If I can cook it, you can cook it And I'll travel the world to bring it back home to you.

Filipino Fried Noodles with Chicken and Vegetables courtesy of “The Asian Grandmother’s Cookbook” by Patricia Tanumihardja

        I have some good friends whose families are Filipino. And although for some time, my friend Ethel has threatened to kidnap me and take me to Queens for some Filipino restaurant food, we haven’t made it yet.   Come to think of it, there are far more Korean and Thai and Vietnamese restaurants all over the place than there are Filipino. And until this dish came along, I’d never cooked anything from there.  But this stir fry is well worth making for its subtle fresh flavors.  It’s absolutely not hard to make at all. There’s just some dicing and chopping and you’re good to go.  And you certainly don’t need a wok; You can easily use a big non-stick frying pan like I did.   For those of you averse to heat or feeding young children, this is a really wonderfully mild dish that no one’s going to find too spicy.   
        Filipino cooking is all about combinations of sweet, sour and salty generally combining all three in one dish.  However, it is not heavily spiced. I even had to send the recipe to my friend Ethel to see whether there was any chance I’d left something out or that the recipe had been spiced down for the American palate.  No, she said.  It was very much on the lines of what her grandmother prepared on her last trip to the Philippines.  I found this quite amazing given that Hispanic, Chinese and other Asian cultures have all influenced Filipino food.  The earliest Filipinos came from Southern China and Taiwan.  Trading with other Asian countries led to a lot more blending of cuisines.  It was the Spanish who brought chili peppers and tomatoes into the Phillipines.   But even then, the peppers were frequently used just for their leaves and not for their punch. After the Spanish established themselves, there was an even greater influx of ethnic Chinese.  In fact, Chinese food became the staple of the panciteriasor noodle shops that burst onto the scene in the 19th century.   The recipe I am sharing with you today could have come right from a panciteria. It even gets its Filipino name from there: Pancit.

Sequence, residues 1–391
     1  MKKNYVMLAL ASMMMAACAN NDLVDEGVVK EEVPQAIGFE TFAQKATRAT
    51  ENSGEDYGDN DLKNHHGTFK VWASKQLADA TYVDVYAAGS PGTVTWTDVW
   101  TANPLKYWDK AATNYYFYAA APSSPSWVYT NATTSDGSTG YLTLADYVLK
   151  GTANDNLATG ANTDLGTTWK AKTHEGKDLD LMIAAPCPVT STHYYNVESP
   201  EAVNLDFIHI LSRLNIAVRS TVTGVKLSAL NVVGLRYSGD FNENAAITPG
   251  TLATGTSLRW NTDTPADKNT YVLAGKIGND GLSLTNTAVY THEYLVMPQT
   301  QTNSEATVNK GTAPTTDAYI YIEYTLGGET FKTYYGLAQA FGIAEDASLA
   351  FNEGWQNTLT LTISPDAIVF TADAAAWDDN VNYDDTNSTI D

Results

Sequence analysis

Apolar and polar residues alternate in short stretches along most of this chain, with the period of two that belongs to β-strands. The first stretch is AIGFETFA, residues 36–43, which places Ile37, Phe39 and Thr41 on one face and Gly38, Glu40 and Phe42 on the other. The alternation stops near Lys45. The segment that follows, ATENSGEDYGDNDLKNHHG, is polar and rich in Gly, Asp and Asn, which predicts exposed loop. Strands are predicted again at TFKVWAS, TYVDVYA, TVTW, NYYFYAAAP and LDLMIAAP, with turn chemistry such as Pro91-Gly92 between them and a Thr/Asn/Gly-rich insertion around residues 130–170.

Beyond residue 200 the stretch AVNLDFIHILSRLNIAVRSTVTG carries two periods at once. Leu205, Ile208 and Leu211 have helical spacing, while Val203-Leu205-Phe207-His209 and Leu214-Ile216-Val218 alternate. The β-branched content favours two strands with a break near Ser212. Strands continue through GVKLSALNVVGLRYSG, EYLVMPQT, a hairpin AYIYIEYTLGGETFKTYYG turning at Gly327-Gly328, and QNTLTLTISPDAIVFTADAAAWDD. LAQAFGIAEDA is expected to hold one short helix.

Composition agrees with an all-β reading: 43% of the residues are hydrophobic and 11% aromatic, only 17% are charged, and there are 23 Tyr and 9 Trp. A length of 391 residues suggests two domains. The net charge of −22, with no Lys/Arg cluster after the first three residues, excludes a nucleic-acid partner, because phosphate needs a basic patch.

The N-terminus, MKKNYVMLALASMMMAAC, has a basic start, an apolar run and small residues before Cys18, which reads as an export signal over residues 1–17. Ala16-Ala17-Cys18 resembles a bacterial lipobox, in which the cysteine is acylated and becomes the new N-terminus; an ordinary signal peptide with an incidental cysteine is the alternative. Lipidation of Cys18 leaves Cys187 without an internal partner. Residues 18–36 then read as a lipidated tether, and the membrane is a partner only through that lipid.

Pancit is probably one of the best known Filipino dishes. But Pancit has about as many recipes as there are Filipino cooks.  This one, from a marvelously instructive cookbook called  “The Asian Grandmother’s Cookbook” by PatriciaTanumihardja (Sasquatch Books, 2009) uses both Rice noodles and and Chinese wheat noodles. But if those aren’t readily available you can use flat egg noodles and cellophane noodles which are relatively easy to find if your supermarket has an Asian aisle. Here’s the recipe:


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